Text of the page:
In a state where angling has near-religion status, fisheries management has always fostered lively debate. Here are five major issues being discussed by anglers and DNR fisheries managers.
1. Experimental regulations
These harvest regulations are tailored to individual lakes and streams and different fish species. On Kandiyohi County's Long Lake, for instance, all walleyes between 16 and 20 inches must be immediately released.
Biologists believe that limiting harvest of some sizes of fish is the most effective way to improve the average size of fish that anglers catch. Under the direction of the Fishing Roundtable, a group representing fishing interests, the DNR has placed experimental regulations on 90 lakes and 25 streams and rivers.
Issues: Some anglers don't want to release keeper-sized fish. Other anglers say it's worth releasing those fish in order to catch bigger ones in the future. Some resort owners believe the regulations drive away customers. Other resort owners see the regulations as the best way to increase fish size and attract future customers.
Meanwhile, we continue to learn which regulations work best for various waters and species.
2. Bag limits
We want to be able to explain why Minnesota's bag limits are what they are. Right now, that's difficult. Many bag limits were set more than 50 years ago. No one can recall why, for example, the crappie limit was set at 15.
We are currently examining the biological and social ramifications of existing and proposed bag limits. And we are gathering input from anglers and others.
Issues: Because only a small fraction of anglers ever catches a bag limit or even near a limit on a given day, lowering limits by just one or two fish usually does little to reduce harvest (though there are some exceptions). Still, many anglers support moderately decreasing bag limits to promote conservation.
3. More pressure, better gear
Fishing pressure has continued to increase since the 1950s. Though the number of anglers is up only 15 percent since then, there appears to be a dramatic increase in the average number of days each angler fishes. On Lake Winnibigoshish, for example, the number of anglers hours fished per year nearly doubled from the 1950s to the 1990s.
Meanwhile, continual improvements in fishing gear have made anglers more effective at finding and catching fish. Anglers have graduated from rowboats to comfortable fishing rigs, from steel poles to graphite rods, from braided Dacron to monofilament, and from using a rock on a string for finding lake depths to using sophisticated depth finders and fish locators.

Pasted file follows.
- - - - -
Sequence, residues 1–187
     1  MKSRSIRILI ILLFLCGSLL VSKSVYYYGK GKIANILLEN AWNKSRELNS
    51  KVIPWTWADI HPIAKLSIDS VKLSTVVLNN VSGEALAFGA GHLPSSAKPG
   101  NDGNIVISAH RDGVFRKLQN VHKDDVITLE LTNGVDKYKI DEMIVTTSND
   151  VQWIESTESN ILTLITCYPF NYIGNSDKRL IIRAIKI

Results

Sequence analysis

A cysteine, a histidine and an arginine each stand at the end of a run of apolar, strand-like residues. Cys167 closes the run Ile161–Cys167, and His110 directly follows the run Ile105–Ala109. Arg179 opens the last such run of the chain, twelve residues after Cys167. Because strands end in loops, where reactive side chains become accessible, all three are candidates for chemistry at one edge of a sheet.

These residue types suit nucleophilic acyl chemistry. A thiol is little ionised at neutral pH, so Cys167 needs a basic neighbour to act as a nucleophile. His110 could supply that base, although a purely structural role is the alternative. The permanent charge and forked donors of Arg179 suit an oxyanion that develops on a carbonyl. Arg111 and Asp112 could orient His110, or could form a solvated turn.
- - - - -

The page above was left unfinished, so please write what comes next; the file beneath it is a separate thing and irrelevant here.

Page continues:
As fishing pressure and technological advances increase, the number of fishing waters remains constant. Something has to give. On many lakes, it now takes longer to catch fish-and the average fish caught is smaller-than was true 50 years ago. In other words, the size of the pie hasn't changed, but each slice is getting smaller.
Issues: Should we impose limits on technology to protect fish from overharvest? Should such limits be voluntary, and, if so, would enough anglers comply to make a difference? Or is the sacrifice not worth the benefit for most anglers?
4. Exotic species
Harmful aquatic animal and plant species such as the zebra mussel, round goby, spiny water flea, and ruffe increasingly threaten to permanently harm Minnesota's fish populations and fishing. Zebra mussels, which consume food at the base of the food chain, recently invaded one of Minnesota's inland waters, Lake Zumbro, for the first time. Spiny water fleas are now clogging fishing tackle on Lake Superior charters. And several new species of destructive invasive carp are poised to enter Minnesota from southern states via the Mississippi River. These and other species could displace native fish species and alter the food chain that supports game fish.
Issue: If anglers and boaters don't do more to prevent the spread of exotics-like removing plants from boats and draining livewells before leaving a lake-then Minnesota's fish populations and fishing are bound to suffer.
5. Accelerated Walleye Program
In the 1990's, in an effort to stock more efficiently, we scaled back our walleye fingerling stocking. These reductions convinced some anglers that walleye populations in Minnesota's stocked lakes were declining.
On average, walleye populations in stocked lakes have actually been increasing (see chart). But walleye numbers on some lakes did drop, raising public concern. In 1999, using additional funding from the state legislature, we began the Accelerated Walleye Program. Over the past two years, local fisheries managers have carried out the program to:
- increase acreage for natural ponds used to produce fingerlings by roughly 5,000 acres
- increase by 23 percent (88,000 lbs. In 1999 to 108,500 lbs. In 2000) the pounds of fingerlings produced from state rearing ponds, despite poor rearing conditions caused by mild winters
- increase walleye fingerling stocking quotas on 90 lakes
- increase walleye population abundance goals on 58 lakes
- solicit public input on 141 lake management plans
- purchase walleyes from commercial growers to supplement our production.
Issue: We are committed to finding lakes that will benefit from increased stocking and to stock more walleyes there. However, years of evaluations and research have proven that increased stocking won't improve fishing on every lake. That's why a main component of the accelerated program is to evaluate the stocking we do.
Fisheries managers will continue to review historical lake survey information and meet with local anglers to determine which lakes have the best potential to produce more walleyes. And fisheries managers will evaluate how well increased stocking works on those lakes to see if its worth continuing to stock at higher levels.